- Adding Intrusion Detection Systems (IDSs). An intrusion detection system helps to alert your cybersecurity incident response team to security breaches so they can contain and eliminate the threat sooner rather than later. Using an IDS that can monitor unusual requests is especially important for detecting insider attacks quickly.
3) Phishing and Social Engineering Attacks
When attackers use phishing techniques on your employees, they aren’t always just after your employees’ user account credentials. Some phishing attempts may try to directly trick your employees into surrendering sensitive customer/client data. Others may attempt to get employees to click on links that lead to websites filled with malicious software—or, just immediately download and launch such malware.
Many of these attacks use email and other communication methods that mimic legitimate requests. For example, email phishing (and highly-targeted spear-phishing) attacks might attempt to recreate the company logos and style of your business or its vendors.
Dealing with Phishing and Social Engineering Attacks
Once again, an ounce of prevention is worth a pound of cure. The first step in dealing with phishing and similar attacks that try to trick your employees into giving away sensitive information or otherwise compromise your security is to educate your employees about phishing attacks.
Additionally, setting some clear policies about what information can and cannot be shared online can help to prevent employees from accidentally giving away sensitive information.
If a phishing attempt is discovered, be sure to alert your employees to the attempt, and include which, if any, vendors were imitated in the attack. This helps your employees be extra vigilant against further attempts.
If the goal of the phishing attack was to trick users into downloading malware, have the employee immediately disconnect their workstation (or whatever device downloaded the malware). Then, they should shut the device down to make sure the malware cannot be spread to other devices on the network in case the device’s Wi-Fi gets activated. These actions should be outlined in your company’s incident response plan (IRP)—and employees should be trained to follow these steps quickly in case something happens.
4) Software Bugs and Vulnerabilities
While modern business software programs and applications are incredibly useful, the sheer complexity of such software can mean that it has bugs or exploits that could be used to breach your company’s security. Attackers often use old, well-known software bugs and vulnerabilities to breach the security of companies that are lax about applying their security patches in a timely manner.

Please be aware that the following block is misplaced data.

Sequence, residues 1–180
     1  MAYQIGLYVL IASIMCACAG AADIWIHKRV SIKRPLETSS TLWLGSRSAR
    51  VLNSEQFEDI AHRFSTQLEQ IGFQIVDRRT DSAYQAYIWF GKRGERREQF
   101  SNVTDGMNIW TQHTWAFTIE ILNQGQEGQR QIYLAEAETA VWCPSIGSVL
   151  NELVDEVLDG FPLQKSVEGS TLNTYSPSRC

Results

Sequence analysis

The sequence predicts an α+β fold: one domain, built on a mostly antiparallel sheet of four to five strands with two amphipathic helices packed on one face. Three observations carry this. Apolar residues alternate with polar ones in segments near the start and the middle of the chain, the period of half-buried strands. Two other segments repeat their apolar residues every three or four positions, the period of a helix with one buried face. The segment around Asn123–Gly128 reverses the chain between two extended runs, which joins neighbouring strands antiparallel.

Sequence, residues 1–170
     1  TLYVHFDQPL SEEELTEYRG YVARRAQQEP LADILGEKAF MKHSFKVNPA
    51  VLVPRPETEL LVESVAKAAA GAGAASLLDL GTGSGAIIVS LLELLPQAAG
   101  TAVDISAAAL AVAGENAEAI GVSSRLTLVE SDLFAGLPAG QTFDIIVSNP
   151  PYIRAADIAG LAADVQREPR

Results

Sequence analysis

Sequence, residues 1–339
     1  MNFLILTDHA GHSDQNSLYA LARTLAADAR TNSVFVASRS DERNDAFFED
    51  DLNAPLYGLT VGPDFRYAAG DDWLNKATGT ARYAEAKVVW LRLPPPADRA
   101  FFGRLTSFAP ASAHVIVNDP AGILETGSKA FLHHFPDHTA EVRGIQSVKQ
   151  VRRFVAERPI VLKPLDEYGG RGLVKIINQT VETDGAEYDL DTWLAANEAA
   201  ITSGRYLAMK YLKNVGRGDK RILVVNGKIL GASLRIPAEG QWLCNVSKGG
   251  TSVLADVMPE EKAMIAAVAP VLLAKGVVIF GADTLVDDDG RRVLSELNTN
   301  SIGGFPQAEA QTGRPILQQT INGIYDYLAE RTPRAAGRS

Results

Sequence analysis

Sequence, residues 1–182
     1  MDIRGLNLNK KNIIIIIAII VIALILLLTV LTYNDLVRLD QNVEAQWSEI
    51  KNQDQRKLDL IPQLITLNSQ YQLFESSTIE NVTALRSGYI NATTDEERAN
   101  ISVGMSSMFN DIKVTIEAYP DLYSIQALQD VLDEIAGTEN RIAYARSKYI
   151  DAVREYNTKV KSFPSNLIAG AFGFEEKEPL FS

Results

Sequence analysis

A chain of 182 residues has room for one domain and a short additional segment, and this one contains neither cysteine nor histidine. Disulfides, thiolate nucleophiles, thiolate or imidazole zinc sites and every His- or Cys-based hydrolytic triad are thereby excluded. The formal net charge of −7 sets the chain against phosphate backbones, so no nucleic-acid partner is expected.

Some attacks even take advantage of previously-unknown security vulnerabilities in some business software programs and mobile applications to create a near-unstoppable threat. However, these are rare in comparison.
Dealing with Software Vulnerabilities
The best response to breaches caused by software vulnerabilities is—once the breach has been contained and eliminated—to immediately look to see if the compromised software has a security patch available that addresses the exploited vulnerability. If so, it should be applied as soon as it is feasible. If not, the software developer should be contacted and alerted to the vulnerability as soon as possible.
In the meantime, finding ways to prevent the exploit from being used, such as by disabling a feature used in the exploit, writing a custom firewall rule blocking specific requests targeting the vulnerability, or even uninstalling the software temporarily may be necessary. Additionally, proactively looking for and applying security updates from software vendors is always a good idea.
The attacking IP address should also be added to a blacklist so further attempts are stopped before they begin—or at least delayed as the attacker(s) attempt to spoof a new IP address.
Before Any Security Breach, Preparation is Key
A common theme in many of the security breach responses listed above is that they generally require some form of preparation before the breach occurs.
The question is this: Is your business prepared to respond effectively to a security breach?
If you need help preparing your incident response plan, or just getting up to speed on the basics of cybersecurity, please contact us today! Compuquip Cybersecurity is here to help you minimize your cybersecurity risks and improve your overall cybersecurity posture.